It's the long weekend (and the weather seems to be co-operating), so get out there and enjoy what the city has to offer. On the docket this weekend: pulled pork poutine and live music on King St., brews at Evergreen Brick Works, a day of well-deserved veneration for the art of vinyl, an all-ages festival, and (the pièce de résistance) a cat video festival. Happy Easter, everyone.
We are now at the point in the game where the cards have been put on the table by all the major players — the leading candidates for mayor of Toronto, the candidates for premier of Ontario and the candidates for Prime Minister of Canada.
Richard Underhill has long been a community activist, especially regarding his home turf in Toronto’s Kensington Market. But, he’s best known as a member of legendary jazz fusion group Shuffle Demons. Now Underhill wants to parlay his decades of experience travelling the world as a musician and his work in grassroots organizing into a run at the mayor’s chair in the upcoming municipal election.
They say men get handsomer at 40, while we just get old. Yeah, screw that.
The 63rd Rogers Conn Smythe Sports Celebrities Dinner and Auction hosted 650 guests at the Fairmont Royal York for an entertaining evening featuring an all-star lineup of sports celebs, dinner, and extensive live and silent auctions.
Justin Nozuka walks into a crammed Queen Street West café and orders a bowl of soup. With a nondescript winter parka hiding his tall, slim frame and a pair of glasses perched on his nose, even Nozuka’s diehard fans (of which there are many) would struggle to recognize the unassuming 25-year-old musician who has so confidently commanded the stage for the past seven years.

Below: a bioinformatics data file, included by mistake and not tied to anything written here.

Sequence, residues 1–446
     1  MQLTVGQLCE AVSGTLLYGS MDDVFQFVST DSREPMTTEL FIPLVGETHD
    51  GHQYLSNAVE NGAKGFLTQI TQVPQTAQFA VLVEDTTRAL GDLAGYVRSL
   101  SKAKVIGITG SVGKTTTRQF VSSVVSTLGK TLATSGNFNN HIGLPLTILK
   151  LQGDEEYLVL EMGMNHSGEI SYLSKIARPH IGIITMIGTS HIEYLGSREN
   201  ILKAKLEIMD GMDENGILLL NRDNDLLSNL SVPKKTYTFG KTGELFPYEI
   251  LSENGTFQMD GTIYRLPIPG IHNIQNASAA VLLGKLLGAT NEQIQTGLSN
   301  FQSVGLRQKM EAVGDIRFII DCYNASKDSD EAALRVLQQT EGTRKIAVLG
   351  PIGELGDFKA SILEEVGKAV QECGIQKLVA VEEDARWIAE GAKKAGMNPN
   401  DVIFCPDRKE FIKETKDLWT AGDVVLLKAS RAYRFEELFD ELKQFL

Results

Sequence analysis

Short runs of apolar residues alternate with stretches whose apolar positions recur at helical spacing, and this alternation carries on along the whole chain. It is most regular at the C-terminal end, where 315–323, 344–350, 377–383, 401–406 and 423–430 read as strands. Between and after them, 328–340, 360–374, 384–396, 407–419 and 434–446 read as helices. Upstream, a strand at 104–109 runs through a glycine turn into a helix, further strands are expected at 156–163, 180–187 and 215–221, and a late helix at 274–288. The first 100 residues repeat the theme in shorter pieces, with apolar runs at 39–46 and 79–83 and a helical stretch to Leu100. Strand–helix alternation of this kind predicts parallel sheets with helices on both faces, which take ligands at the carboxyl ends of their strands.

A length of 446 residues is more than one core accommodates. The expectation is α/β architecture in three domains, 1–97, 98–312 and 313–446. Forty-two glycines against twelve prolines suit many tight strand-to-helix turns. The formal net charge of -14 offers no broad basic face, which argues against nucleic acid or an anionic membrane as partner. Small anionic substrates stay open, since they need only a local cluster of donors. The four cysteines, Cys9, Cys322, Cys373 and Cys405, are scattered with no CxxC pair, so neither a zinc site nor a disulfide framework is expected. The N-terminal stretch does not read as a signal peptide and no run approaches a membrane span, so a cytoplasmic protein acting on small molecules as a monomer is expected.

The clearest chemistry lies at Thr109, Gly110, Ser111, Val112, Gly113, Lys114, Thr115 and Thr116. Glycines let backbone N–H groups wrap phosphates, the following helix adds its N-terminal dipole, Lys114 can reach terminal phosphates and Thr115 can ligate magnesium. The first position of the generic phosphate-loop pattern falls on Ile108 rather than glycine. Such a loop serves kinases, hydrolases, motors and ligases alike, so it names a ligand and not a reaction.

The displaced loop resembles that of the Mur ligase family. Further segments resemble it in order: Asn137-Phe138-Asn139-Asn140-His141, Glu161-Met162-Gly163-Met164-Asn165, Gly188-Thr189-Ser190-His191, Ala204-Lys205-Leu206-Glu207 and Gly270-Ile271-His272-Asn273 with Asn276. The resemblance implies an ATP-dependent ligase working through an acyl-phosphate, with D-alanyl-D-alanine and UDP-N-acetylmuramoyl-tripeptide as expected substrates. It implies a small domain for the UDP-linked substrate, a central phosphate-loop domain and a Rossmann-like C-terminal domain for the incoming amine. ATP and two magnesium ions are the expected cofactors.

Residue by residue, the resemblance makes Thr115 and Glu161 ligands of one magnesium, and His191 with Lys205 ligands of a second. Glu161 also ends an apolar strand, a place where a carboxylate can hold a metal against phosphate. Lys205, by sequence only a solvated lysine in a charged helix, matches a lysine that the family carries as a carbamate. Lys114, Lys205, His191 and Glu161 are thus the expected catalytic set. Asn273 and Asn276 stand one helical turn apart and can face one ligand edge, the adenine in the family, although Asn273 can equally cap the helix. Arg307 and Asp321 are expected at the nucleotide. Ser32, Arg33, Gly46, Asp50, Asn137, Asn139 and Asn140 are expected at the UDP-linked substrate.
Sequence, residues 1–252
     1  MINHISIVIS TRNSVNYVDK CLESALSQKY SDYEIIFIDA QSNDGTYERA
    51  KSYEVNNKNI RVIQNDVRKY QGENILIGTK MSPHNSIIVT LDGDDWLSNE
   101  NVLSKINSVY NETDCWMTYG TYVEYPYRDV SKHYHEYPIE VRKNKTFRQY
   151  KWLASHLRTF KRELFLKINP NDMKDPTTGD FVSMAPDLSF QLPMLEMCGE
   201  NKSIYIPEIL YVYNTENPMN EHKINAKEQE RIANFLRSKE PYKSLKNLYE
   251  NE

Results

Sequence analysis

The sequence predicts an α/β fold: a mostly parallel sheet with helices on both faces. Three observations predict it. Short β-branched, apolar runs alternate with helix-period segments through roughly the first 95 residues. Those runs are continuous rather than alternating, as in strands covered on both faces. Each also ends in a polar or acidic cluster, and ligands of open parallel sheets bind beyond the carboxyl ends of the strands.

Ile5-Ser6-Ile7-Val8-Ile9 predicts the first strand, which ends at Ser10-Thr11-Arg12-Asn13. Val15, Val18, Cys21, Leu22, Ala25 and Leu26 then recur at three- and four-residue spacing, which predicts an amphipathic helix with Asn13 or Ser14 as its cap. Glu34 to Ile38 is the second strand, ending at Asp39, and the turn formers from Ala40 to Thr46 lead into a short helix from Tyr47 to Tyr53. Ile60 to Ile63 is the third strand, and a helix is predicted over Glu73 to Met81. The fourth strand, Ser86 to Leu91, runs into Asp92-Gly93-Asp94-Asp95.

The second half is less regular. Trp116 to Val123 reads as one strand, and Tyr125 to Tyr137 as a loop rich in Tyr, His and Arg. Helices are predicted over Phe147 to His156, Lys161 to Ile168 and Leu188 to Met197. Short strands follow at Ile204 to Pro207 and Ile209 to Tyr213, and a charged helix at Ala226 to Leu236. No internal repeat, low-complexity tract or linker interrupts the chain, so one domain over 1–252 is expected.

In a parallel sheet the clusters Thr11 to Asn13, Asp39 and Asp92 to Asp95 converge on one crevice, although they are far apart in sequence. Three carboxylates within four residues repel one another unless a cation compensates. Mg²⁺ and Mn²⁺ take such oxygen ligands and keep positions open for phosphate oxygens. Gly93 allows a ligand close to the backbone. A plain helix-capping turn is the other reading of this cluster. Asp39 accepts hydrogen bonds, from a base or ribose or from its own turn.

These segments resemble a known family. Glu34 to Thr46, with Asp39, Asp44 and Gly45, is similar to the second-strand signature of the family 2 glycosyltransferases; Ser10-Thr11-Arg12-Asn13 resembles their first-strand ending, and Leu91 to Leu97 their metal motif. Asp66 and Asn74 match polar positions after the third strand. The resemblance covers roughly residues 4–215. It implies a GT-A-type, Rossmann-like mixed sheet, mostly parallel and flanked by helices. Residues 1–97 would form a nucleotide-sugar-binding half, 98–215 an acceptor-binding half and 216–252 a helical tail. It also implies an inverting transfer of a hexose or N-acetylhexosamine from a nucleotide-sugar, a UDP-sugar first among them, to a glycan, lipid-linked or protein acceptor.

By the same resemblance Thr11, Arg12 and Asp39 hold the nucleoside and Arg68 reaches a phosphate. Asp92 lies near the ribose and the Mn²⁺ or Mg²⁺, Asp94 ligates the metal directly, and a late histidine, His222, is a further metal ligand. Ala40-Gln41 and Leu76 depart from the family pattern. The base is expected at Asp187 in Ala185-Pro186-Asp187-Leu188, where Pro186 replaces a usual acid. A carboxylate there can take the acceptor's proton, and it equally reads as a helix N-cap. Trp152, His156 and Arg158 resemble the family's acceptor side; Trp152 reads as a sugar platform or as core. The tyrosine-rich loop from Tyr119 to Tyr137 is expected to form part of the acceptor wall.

Allan Hawco, co-artistic director of The Company Theatre (and recognizable star of CBC’s Republic of Doyle), leads a cast of four in Amy Herzog’s ominous drama Belleville, now playing at Berkeley Street Theatre until May 4th.
This is the first interview Travis Good has given regarding the new collaborative project that sees Toronto band The Sadies team up with Gord Downie of the Tragically Hip fame. And, true to the anarchic nature of the seven-year project, he’s having trouble explaining how it all came together so brilliantly. Who knew these Canadian roots and rock veterans could be so punk?
Our weekly recap of the week’s news nuggets in Toronto will bring you up to date and add some fuel to your small-talk tank heading into the weekend.
The star of Flashpoint (and new TV show Remedy) shares fond memories of waiting tables on St. Clair.